After 11 years, the federal transportation manual is getting an update to reflect the rise of autonomous vehicles, shared mobility, and modernized pedestrian infrastructure.
The Federal Highway Administration has extended the public comment period for its update of the Manual of Uniform Traffic Control Devices (MUTCD). The manual, which hasn't been updated since 2009, "sets federal standards for the signs, markings and signals that help instruct road users on how to safely move through our communities."
As reported by Kea Wilson in Streetsblog, advocates hope that the revised manual will take into account new programs and mobility options such as bike share, scooters, and autonomous cars and implement higher standards for protecting vulnerable users. Rather than prioritize vehicle throughput above safety, planner Don Kostelec told Streetsblog, the manual should include the highest standards for safety at crosswalks and other vulnerable interaction points.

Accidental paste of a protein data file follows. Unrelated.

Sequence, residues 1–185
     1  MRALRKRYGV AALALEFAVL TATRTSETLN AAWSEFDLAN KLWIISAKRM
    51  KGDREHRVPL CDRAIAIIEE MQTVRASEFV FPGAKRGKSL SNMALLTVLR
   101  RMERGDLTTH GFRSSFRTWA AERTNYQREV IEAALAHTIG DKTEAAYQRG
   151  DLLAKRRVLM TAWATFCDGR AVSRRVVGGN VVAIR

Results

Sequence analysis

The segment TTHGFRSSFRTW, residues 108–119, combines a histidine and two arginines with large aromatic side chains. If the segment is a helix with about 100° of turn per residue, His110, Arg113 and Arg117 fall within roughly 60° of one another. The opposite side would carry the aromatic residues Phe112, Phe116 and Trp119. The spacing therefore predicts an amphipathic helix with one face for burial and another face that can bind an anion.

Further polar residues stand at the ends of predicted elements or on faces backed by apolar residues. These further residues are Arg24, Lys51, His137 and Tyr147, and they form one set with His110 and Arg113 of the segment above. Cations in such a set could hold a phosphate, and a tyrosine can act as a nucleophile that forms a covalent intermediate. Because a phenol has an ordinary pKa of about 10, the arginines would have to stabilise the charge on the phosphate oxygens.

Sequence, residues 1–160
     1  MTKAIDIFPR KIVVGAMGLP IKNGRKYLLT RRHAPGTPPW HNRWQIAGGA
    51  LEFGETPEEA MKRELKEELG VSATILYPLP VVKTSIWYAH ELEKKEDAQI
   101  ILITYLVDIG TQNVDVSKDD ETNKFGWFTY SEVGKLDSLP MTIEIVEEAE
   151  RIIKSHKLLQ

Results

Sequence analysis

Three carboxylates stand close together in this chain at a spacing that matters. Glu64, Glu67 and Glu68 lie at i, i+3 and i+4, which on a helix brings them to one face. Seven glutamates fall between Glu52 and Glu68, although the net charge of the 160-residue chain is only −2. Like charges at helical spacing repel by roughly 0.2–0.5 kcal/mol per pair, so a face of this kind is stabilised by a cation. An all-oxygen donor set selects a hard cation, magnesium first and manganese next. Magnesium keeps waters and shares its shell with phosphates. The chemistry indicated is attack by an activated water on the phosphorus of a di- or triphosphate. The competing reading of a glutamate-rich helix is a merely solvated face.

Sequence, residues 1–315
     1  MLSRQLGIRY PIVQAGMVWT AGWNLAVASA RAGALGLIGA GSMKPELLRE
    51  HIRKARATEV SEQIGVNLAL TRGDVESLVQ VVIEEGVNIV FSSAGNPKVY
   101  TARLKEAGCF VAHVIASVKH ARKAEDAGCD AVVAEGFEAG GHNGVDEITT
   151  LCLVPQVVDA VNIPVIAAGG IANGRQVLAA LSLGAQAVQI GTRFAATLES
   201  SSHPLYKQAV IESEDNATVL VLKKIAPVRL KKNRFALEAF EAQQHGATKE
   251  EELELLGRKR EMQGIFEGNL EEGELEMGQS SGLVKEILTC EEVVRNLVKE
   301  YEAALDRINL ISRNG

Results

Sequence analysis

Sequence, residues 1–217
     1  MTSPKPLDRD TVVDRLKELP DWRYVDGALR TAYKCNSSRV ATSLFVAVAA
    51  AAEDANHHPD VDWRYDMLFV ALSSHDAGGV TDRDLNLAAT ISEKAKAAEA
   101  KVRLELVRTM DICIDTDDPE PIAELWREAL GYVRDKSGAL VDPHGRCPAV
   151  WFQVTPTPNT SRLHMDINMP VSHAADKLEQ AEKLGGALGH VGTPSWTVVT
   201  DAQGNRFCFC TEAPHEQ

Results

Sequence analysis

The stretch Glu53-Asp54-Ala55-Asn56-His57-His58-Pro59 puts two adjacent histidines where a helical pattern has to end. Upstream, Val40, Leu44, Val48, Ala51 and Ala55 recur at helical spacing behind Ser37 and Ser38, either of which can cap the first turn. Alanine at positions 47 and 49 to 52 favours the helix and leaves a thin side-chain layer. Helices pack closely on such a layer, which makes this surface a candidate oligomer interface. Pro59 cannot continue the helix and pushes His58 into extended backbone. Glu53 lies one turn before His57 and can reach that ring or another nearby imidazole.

The main reason for the manual's upcoming revision seems to be the rise of autonomous vehicles, "which rely on regular road markings to navigate complex road environments," but some of these changes may work in favor of bike advocates. For example, the revised manual calls for bike facilities to be "segregated from other vehicle traffic using physical barriers where practicable and that road markings are needed to denote the end of a bike lane that is merged with traffic" in order to accommodate "machine vision." Such policy changes in manuals like the MUTCD, argues BikeUtah program director Mike Wiltsie, is "the best way we can bring about systemic change in our streets."
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